As Shore and Fisher have installed all of their beautifully crafted and carefully assembled and wired mechanics and sculptural sounding objects in the space, so we are invited to "activate" the work's "cycle", by pushing a button, and then the cycle starts. The kinetic objects come alive (many of them have tiny cameras inside the sculptures), generating the sound and the larger video we see projected on one end of the space; so the sound sculptures and "records" (several vinyls are constructed into the wall-appended contraptions, and every now and then, suddenly, one of the needles/styluses starts playing on the records at variable speeds...) so to speak generate or "make" the video as we hear and watch the mechanics and small robots machines that move things around to create the "landscapes" and "rooms" and windows of the video images. I watched the sculptural-robotic activities more so than the video, or I alternated, in the short cycle (well, i watched the cycle about 5 times to take it all in).
The objects often are very small and tiny, the captured live circuit images are enlarged, and the 4 LP records on one wall are rotating when the software controller switches to them and they run at low speed very very slow, and all four (different) musics create dark rumbling sound while on the other wall there are two small string (piano) instruments with mechanical hammers that sound the strings, and then there is a kinetic contraption that wiggles a small triangular shaped object inside of which there is a tiny painted landscape while the top is a small plexiglass and on top of the plexiglass is a small tiny amount of sand, and a small tiny lamp, and the minicamera that looks at the "stage set" sees the shadows of the sand rolling overhead on the little glass (the triangular box is robotically operated to wiggle in three different planes which makes the sand shift), -- now what the mini camera transmits to the screen is the "landscape (black and white) but this cielo, this SKY is created by the reals material in real time, namely the sand floating and the camera sees this as clouds, it is just extraordinary and breathtaking; there was also a rotating drum standing upright in the corner, a big drum like an oil drum, textured on top of its surface with grass or green blotches and when the software switches it on (the cycle of the installation always runs 12 minutes and then shuts down; as i said the audience presses a small red button to activate it) - so there are three minicameras sideways along the drum looking at its rotating surface, and what this means on the screen is that the camera seems to appear to create an overhead (airplane) view of a landscape that "rolls" into view and flies by, again, a most ingenious illusion effect with real mechanics and conrtrolled by the various actuators...... (all cables and wires neatly pasted to the wall open and exposed and the sculptures made of finest simple pine wood and silver screws and bolts and the tiny mother circuitboards and little motors, all there for us to see, exposed). And for the curious, well, yes you can follow the wires and pursue their quirky path until they lead to a corner, where the computers sit and you can ponder the computational [and robotic engineering] set up behind the Pythagorean curtain, politely drawn. An acousmatomechanicacomputrational wonde-rcabinet.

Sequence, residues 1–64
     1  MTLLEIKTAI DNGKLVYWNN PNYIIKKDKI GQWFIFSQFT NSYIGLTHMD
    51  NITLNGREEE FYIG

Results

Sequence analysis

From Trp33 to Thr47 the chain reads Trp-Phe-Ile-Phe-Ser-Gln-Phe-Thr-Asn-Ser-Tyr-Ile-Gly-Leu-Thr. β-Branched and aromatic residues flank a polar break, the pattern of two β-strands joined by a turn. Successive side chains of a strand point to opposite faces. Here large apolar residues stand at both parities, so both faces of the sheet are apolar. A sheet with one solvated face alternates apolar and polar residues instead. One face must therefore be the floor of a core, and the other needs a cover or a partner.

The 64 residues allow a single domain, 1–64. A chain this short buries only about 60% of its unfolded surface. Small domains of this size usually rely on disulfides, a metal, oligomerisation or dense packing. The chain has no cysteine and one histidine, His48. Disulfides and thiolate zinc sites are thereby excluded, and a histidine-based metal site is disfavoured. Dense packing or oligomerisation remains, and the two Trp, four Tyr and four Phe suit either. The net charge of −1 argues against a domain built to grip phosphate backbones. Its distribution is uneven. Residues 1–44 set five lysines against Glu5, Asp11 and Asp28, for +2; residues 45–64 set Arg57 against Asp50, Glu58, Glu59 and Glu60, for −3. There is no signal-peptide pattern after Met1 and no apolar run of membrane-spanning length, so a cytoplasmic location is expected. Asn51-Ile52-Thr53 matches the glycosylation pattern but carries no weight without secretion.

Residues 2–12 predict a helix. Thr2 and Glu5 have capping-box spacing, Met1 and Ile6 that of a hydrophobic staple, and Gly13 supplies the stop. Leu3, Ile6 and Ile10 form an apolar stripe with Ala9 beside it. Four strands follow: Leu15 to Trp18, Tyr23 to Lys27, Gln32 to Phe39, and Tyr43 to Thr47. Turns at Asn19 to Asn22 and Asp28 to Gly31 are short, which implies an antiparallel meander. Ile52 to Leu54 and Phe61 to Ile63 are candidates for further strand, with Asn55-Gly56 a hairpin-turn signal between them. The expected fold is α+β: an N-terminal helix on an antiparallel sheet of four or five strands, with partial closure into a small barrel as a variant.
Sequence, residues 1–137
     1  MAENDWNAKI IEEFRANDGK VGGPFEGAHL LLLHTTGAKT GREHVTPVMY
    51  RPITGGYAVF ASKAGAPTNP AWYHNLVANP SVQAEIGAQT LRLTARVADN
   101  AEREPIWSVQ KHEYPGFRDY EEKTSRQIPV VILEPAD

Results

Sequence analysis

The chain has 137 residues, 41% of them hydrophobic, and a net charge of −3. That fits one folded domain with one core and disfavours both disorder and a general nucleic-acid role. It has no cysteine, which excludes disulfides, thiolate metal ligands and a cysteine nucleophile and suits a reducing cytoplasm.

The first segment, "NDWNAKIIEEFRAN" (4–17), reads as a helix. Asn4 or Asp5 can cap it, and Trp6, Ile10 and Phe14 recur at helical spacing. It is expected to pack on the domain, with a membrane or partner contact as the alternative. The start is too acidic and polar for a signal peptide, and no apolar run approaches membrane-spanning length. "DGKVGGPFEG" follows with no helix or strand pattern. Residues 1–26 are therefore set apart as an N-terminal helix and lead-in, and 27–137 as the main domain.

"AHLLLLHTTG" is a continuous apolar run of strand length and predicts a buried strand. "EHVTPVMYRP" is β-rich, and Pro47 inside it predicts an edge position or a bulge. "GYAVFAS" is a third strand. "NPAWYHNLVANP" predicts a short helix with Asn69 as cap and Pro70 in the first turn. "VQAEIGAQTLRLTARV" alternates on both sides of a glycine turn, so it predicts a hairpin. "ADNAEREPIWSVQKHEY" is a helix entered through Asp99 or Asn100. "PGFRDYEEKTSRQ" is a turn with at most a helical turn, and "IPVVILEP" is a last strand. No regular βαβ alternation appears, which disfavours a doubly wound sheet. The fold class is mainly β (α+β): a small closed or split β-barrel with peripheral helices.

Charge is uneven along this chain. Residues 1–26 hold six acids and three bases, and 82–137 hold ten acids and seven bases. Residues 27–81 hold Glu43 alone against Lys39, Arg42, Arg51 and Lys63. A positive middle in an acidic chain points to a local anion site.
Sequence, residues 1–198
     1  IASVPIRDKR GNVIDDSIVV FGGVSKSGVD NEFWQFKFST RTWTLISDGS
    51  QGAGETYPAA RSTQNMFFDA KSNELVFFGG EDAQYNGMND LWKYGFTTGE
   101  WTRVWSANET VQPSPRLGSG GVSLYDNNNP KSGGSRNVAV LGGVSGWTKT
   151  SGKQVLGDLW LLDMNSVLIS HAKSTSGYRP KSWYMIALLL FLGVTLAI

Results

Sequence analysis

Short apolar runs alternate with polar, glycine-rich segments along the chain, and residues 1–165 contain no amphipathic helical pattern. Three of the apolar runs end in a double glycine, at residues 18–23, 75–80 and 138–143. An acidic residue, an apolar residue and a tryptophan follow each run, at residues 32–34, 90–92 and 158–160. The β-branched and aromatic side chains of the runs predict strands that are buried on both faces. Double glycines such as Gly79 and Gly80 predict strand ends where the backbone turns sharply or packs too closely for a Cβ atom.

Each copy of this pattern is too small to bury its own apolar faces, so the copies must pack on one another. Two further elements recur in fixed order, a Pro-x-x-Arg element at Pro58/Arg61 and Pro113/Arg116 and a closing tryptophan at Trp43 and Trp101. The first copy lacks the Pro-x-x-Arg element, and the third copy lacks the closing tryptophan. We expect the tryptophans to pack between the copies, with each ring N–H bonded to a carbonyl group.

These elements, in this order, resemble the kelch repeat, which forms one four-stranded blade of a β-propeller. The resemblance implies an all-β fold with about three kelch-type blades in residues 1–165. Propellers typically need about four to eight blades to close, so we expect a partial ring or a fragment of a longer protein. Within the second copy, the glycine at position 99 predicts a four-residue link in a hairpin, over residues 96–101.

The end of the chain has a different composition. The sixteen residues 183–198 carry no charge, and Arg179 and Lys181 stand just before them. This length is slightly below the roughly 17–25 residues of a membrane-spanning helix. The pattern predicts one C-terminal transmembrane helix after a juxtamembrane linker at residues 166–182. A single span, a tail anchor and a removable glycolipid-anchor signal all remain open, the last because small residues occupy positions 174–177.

How to "store" and collect this work?
I remember here in these pages commenting on Yoko Ono's CUT PIECE, here on the list in 2010, when we discussed Nam June Paik. I had seen the video (on a small monitor) of Ono's Cut Piece performance at a show on fashion [AWARE, Royal Academy of Arts London], and tried to make sense of my reactions and whether such a piece of performance can be sustained in this way/context, and of course it could. But it is probably not reproducible or re-performable except by the artist herself? Unless you see it as an instruction like Ono's other instruction pieces/writings. How is it therefore collectible? as video tape of original performances (there may have been more than one). Back then I mulled over the "score" for such performance art; in the current discussion, I would ask how is such work digitally curated or collected, shifted to other platforms, etc?
with or without watermark?